Moshe Feiglin is set to hold a press conference Sunday where he's expected to announce he is dropping out of the Likud primaries race.
Feiglin associates told Ynet the decision was taken after senior Likud figures told them recent changes in the party's charter were meant to
remove criminals, rather than Feiglin, from the Likud.
His associates said Friday that the press conference is aimed at "finally closing this chapter and coming down to terms with all those who exploited his power in the past and have recently tried to harm him."
"At present, Feiglin plans to announce his intention not to compete for the list for Knesset...We tend to believe in Bibi (newly-elected Likud Chairman Benjamin Netanyahu) and understand that he has gone back on his word in order not to strengthen opposition against him," one associate said.
'Bibi afraid of Central Committee'
While Netanyahu wanted to present to the public an achievement of removing Feiglin from the party list, it appears the religious party member is stronger than he had expected.
The Likud Central Committee is set to meet Sunday to approve changes made to the party charter, so that members with criminal records and who have been sentenced to three months active prison terms would not be allowed to run as candidates in party primaries.
The original plan was to convene a meeting for two days, one day of deliberations and another to vote. It was later decided to hold discussions and vote on the same day, after Netanyahu understood the growing objection to removing Feiglin from the movement.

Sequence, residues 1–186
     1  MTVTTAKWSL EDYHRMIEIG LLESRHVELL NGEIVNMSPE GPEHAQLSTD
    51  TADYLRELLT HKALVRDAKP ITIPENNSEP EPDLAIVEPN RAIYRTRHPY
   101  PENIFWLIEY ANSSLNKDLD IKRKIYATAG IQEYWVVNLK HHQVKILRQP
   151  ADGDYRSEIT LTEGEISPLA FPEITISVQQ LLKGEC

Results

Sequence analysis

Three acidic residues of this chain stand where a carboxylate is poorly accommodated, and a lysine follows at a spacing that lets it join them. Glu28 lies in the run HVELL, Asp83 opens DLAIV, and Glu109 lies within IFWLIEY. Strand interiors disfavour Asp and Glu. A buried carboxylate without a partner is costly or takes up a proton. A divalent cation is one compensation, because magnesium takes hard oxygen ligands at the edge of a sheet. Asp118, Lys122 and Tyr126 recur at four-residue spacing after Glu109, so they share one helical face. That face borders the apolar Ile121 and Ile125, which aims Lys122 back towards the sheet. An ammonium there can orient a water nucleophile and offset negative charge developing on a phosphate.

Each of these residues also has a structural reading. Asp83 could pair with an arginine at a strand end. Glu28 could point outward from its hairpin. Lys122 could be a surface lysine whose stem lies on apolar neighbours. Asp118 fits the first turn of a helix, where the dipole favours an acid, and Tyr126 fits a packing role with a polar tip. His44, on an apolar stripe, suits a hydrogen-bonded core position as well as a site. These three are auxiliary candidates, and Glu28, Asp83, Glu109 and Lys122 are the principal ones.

This move was also a last-minute to prevent an internal dispute and cast a shadow on the party's desire to present a united front.
"There was no demand from speakers and so the schedule was made smaller," Likud officials said. Feiglin supporters view this move as a victory.
Deal goes bust
Over the past week, senior Likud officials tried to embroider a "deal" whereby Feiglin would remove his candidacy in return for a clarification by the Likud Elections Committee chairman that his previous conviction shows no dishonor.
According to officials, the deal went bust after Feiglin demanded a letter of commitment from the judge. Associates close to the religious Likud member said Feiglin has refused any dealings with Netanyahu.
"The ball is in Netanyahu's court. He climbed up the tree and we will not help him down. His test of leadership to remove Feiglin has failed," one associate said. "He pushed Feiglin to run and last week sent him a message through officials that he would climb down the tree he had previously climbed up."